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Guantanamo Bay: Sixty-year old Iraqi detainee suffering from paralysis

Abd al-Hadi al-Iraqi had a medical emergency and lost feeling in his lower legs, his lawyer tells Middle East Eye
Hadi's situation highlights the US government's problem with dealing with the medical conditions of aging and disabled detainees at the prison.
Hadi's situation highlights the US government's problem with dealing with the medical conditions of aging and disabled detainees at the prison (AFP/File photo)
By in
Washington

A US Marine Corps judge on Friday ordered Guantanamo Bay prison's medical staff to submit an emergency report regarding an Iraqi detainee who has suddenly suffered from paralysis in his legs.

Abd al-Hadi al-Iraqi, 60, had a medical emergency and was reported to have lost feeling in his lower legs on Wednesday evening and is not able to walk or stand, his lawyer told Middle East Eye.

"It's my understanding that right now he can't walk," his lawyer Susan Hensler told MEE.

In an emergency notice filed on Thursday by defence lawyers and seen by MEE, Hadi was informed that he required specialist care, but such "treatment was not available for several weeks".

'If he can't walk, he should be in a hospital, not a cell'

- Scott Roehm, Center for Victims of Torture

Scott Roehm, who runs the Washington office for the Center for Victims of Torture (CVT), noted that if such a medical case were taking place in the US, a person would see a specialist "within hours".

"If he can't walk, he should be in a hospital, not a cell," Roehm told MEE, adding that other detainees have had to carry Hadi in order for him to use the bathroom.

The judge in Hadi's case, Lt Col Michael Zimmerman, said in ordering the report that the latest health update filed with the court on 2 September listed "no significant change in the Accused's medical status".

A US Southern Command spokesperson told MEE in an email that "we do not discuss individual medical treatment of detainees".

"If emergency medical needs exceed what is immediately available by the JTF-GTMO JMG [Joint Task Force Guantanamo Joint Medical Group], the appropriate resource procurement is determined on a case-by-case basis," the spokesperson said, adding that medical treatment of detainees was similar to that of US service members.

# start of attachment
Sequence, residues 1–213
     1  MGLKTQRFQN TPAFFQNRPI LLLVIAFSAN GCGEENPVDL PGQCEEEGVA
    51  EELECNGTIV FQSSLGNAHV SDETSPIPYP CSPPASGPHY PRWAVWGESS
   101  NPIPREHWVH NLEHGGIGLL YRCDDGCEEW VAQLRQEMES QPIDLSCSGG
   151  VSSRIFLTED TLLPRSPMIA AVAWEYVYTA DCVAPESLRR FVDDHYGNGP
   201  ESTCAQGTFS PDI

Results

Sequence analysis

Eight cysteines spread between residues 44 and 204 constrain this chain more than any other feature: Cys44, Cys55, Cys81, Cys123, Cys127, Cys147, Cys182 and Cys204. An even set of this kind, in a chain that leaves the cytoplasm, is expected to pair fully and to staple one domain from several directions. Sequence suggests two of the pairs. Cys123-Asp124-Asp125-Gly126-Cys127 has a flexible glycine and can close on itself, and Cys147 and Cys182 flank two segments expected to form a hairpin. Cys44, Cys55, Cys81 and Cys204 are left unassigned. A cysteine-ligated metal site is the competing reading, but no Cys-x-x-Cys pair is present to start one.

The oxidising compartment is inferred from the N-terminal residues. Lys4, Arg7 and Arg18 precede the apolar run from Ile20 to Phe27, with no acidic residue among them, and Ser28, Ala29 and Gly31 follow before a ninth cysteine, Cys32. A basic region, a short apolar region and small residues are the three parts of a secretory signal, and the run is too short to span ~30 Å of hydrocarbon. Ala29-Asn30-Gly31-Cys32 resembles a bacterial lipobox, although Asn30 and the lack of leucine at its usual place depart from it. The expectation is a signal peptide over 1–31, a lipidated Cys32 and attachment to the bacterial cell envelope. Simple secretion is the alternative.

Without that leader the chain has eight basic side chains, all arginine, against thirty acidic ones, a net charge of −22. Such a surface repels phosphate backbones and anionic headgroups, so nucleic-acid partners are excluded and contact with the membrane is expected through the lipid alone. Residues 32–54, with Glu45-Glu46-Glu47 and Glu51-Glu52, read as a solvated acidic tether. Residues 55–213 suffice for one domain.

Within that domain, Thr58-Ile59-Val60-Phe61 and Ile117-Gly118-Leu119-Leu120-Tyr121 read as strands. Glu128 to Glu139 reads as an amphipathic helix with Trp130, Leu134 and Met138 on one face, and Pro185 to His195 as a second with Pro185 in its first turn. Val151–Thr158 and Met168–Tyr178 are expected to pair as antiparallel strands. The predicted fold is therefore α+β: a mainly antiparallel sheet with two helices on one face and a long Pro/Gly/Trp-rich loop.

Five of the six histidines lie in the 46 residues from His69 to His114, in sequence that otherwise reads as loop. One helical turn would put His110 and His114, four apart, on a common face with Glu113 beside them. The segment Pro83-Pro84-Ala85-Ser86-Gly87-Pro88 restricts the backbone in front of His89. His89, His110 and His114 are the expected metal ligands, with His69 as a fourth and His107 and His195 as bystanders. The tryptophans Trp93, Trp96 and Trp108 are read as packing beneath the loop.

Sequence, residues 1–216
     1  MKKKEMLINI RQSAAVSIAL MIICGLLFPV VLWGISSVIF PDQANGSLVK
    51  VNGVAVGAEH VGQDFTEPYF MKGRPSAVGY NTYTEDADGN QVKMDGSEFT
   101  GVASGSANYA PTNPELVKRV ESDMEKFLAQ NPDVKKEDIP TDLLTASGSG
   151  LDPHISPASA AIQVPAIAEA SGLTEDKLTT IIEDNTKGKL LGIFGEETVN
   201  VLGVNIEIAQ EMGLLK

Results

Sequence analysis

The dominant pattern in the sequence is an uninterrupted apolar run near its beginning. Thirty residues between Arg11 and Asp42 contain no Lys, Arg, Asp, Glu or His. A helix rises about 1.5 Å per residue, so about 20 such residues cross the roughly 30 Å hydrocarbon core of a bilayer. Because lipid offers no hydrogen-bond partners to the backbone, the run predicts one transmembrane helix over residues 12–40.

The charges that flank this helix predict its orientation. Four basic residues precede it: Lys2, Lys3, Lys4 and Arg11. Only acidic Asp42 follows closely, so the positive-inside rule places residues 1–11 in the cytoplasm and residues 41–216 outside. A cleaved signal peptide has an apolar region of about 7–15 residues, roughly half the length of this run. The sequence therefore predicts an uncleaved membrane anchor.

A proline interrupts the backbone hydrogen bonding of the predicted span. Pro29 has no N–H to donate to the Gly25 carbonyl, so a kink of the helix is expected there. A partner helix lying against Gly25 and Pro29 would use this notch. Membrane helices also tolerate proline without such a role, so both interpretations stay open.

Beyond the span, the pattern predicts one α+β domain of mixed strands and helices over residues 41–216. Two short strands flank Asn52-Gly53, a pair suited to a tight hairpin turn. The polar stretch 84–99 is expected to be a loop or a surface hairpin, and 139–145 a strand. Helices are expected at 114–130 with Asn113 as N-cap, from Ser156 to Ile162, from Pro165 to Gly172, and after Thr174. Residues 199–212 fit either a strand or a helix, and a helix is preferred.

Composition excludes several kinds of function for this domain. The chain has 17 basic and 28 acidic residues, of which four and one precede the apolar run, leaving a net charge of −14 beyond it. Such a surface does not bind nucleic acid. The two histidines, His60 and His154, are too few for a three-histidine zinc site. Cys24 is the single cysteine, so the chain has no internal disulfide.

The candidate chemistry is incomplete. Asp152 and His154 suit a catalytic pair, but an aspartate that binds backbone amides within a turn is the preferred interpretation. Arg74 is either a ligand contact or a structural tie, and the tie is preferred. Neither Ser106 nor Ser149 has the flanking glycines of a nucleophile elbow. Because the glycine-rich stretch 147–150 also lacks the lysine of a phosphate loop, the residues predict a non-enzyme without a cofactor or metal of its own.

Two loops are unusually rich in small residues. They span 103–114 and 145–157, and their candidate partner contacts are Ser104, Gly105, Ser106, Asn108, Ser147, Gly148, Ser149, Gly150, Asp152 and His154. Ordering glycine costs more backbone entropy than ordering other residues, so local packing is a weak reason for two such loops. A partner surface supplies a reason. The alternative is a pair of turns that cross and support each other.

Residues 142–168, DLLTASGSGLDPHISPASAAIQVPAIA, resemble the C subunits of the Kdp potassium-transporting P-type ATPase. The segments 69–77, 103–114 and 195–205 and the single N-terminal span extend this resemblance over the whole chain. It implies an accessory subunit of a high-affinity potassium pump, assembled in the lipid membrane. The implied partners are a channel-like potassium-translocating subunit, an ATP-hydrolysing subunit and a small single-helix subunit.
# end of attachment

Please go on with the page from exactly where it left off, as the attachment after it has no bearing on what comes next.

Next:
Guantanamo's physically disabled

Hadi was captured in Turkey in 2006 and held by the CIA as a "high value detainee" before being transferred to the prison at Guantanamo Bay the year after. He is accused of commanding al-Qaeda and Taliban forces in Afghanistan that committed war crimes against US and allied forces.

Hadi, who says his real name is Nashwan al-Tamir, has a degenerative spinal condition, and is among the most physically disabled of the 39 detainees at the prison.

According to CVT, he was diagnosed with spinal stenosis in September 2010. However, he did not receive surgical treatment until his condition became severe seven years later, when he "began to experience a significant loss of sensation in both of his feet and a loss of bladder control".

He has since received four additional surgeries performed at Guantanamo by off-island specialists, but continues to suffer from the condition and may require additional surgery.

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Hadi relies on a wheelchair and walker inside the prison. He also has a padded geriatric chair and a hospital bed for court, the latter of which is kept for when heavy painkillers cause him to fall asleep.

The United States is required to provide adequate health care to detainees under the Geneva Conventions, but because the US law forbids their transfer to the country, the Pentagon brings in medical experts and equipment to Guantanamo for the prisoners.

In 2019, a judge ruled against Hadi's case for improved medical care and oversight from a civilian doctor.

Roehm said that Hadi's situation highlights the US government's problem with dealing with the medical conditions of aging and disabled detainees at the prison.

"[The Department of Defense] is either unwilling or unable, or both, to deal with these kinds of medical issues, which in some ways isn't surprising. The prison wasn't stood up to be a nursing home after two decades," Roehm told MEE.

"If the reports of what's happened here are accurate, it doesn't remotely satisfy the standard of care that all men are supposed to receive at Guantanamo."